Right Place, Right Time

Contributor
Graduate Division

Five years ago, I was in my third year of pharmacy school in Singapore studying alone for my year end exams, or rather spending my time scrolling through Facebook and pretending to study.

Then, a news article about a natural disaster in a neighboring country caught my eye. I started to wonder about how useless the knowledge in front of me was. How could I make a difference when I barely knew how to do anything practical as a student?

That was when I felt a tugging in my heart to sign up as a volunteer in a community clinic for low wage migrant workers. I stopped scrolling.

One of my best friends had asked me recently about volunteering there, saying that as a pharmacy student I might be of help.

I had brushed it off then, as I was on a research scholarship that mandated I pursue a PhD straight after I graduated from college.

Upon feeling that tugging though, I signed up as a volunteer, and went consistently for 4 years before I moved to San Francisco for graduate school.

In a weird way, being a student volunteer inspired me to later pursue full pharmacist licensing (which took another year after graduation) because I realized I liked clinical work a lot.

I had no idea if being a licensed pharmacist was going to be useful for research, but I went ahead anyway.

This threw me into a struggle about whether or not I would have been happier being a clinical pharmacist, or being a researcher.

Fast forward to 2020.

The week of Good Friday was undoubtedly a defining moment for many Singaporean healthcare professionals as we imposed our own version of shelter-in-place and opened up community isolation facilities around the island to house COVID positive patients.

The majority of these cases were coming from the migrant worker dormitories due to crowded housing conditions.

These were the people I had been serving for the past 4 years. I remember that moment very clearly, sitting in my room in San Francisco.

For a moment, I wondered if teleportation is possible. I took a deep breath and started to weigh my options. Was it actually possible for me to go back?

I had availability since I could afford to work remotely (my thesis work is 50% computational), and ability, since I had been upkeeping my pharmacist license as active anyway.

I discussed my case with multiple people here, until a lab friend reminded me that I choose to join healthcare to serve others anyway.

A few emails and phone calls later, I signed up as a volunteer and purchased a ticket back immediately.

Back in Singapore, I was deployed to a hospital pharmacy. I began revising all my guidelines, desperately trying to recall all my drug doses and counselling points, things that I had not seen for at least 2 years.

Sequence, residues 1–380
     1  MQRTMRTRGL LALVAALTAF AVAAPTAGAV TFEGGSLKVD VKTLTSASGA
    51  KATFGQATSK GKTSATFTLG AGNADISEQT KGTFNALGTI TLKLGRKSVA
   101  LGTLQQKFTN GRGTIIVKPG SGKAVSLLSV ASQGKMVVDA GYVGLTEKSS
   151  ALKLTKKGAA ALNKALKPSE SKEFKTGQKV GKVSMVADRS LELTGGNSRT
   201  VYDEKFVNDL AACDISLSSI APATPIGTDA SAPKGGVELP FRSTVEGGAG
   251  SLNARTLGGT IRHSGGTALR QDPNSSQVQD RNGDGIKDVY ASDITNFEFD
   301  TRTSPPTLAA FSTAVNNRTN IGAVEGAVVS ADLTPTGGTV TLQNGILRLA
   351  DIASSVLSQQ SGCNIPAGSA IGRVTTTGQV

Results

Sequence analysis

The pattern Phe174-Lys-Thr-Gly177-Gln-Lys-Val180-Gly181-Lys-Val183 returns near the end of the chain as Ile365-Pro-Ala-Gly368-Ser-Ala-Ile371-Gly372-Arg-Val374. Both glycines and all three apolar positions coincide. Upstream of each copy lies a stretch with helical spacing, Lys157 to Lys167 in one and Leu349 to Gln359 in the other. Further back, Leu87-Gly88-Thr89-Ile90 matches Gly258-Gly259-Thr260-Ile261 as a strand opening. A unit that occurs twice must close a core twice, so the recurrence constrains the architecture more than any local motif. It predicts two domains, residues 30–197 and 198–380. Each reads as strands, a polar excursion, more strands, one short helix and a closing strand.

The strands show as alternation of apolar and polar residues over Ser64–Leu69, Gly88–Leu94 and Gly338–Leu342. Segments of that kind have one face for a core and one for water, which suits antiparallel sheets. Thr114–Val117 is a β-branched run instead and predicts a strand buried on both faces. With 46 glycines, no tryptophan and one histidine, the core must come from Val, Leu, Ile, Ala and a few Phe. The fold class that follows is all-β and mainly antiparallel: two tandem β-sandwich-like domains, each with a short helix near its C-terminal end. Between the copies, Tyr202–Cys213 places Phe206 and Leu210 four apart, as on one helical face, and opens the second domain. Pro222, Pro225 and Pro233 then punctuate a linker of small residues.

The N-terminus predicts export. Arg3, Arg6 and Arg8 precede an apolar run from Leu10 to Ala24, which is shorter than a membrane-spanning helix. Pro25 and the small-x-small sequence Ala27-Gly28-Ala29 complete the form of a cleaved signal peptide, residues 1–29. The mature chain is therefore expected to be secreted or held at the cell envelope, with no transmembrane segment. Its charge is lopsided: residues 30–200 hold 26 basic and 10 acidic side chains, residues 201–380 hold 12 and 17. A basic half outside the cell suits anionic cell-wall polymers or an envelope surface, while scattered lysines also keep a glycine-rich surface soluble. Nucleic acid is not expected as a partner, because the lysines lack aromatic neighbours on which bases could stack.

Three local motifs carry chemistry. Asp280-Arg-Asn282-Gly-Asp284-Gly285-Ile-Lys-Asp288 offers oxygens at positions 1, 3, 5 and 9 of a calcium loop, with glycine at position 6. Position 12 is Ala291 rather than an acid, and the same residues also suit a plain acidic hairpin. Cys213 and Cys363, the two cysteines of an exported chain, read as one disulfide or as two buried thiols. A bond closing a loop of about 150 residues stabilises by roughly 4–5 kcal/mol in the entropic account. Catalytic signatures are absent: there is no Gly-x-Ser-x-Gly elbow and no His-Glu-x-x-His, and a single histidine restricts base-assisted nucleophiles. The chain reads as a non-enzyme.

I became fully operational within a day (not that I had much of a choice with the shortage of manpower) and my confidence as a pharmacist returned over the next few days.

However, we were presented with a huge problem: ensuring that our patients with chronic conditions had enough medications while being isolated at different facilities all around the island, some of which did not have medical teams on site.

Chronic medication management was still very important, due to the increased risk of mortality of COVID associated with chronic conditions, as well as the need to prevent complications that arise from these conditions themselves.

Ever-changing guidelines our workflows and low medication supplies issue due to the disruption of drug supply worldwide, meant figuring out which patients we needed to supply medications to was a puzzle involving multiple databases of various electronic medicalcare records.

Thankfully, prior to this, I had been doing quite a bit of computational analyses on microbiome data and host gene expression. That involved pooling multiple different databases using R package “tidyverse” to answer my research question.

I replaced bacteria and RNA sequencing reads with admissions and dispensing records instead. That allowed the team to generate our daily work lists within a span of 30s, freeing us to do actual pharmacy work, rather than spending time agonizing over 4-5 different Excel databases that update daily with 18 sheets and 26 columns each.

The rest of the team, not having much coding experience, was initially a little apprehensive.

However, once they learned how straightforward the process was, they quickly adopted my codes.

Having to program for an end user other than myself was quite an experience; I had to ensure that the code was user-friendly and could run reproducibly.

There were also the questions to answer from supervisors about the reliability of the codes, which thankfully were easily addressed.

After pharmacy school, I wanted to stay on as a pharmacist for a few more years before entering grad school, but was unable to due to my scholarship restrictions.

However, if I hadn’t been forced to start grad school earlier than I would have liked, I wouldn’t have known how to code, and thus would not have been able to contribute to the COVID response in Singapore as I did.

I was really just in the right place at the right time.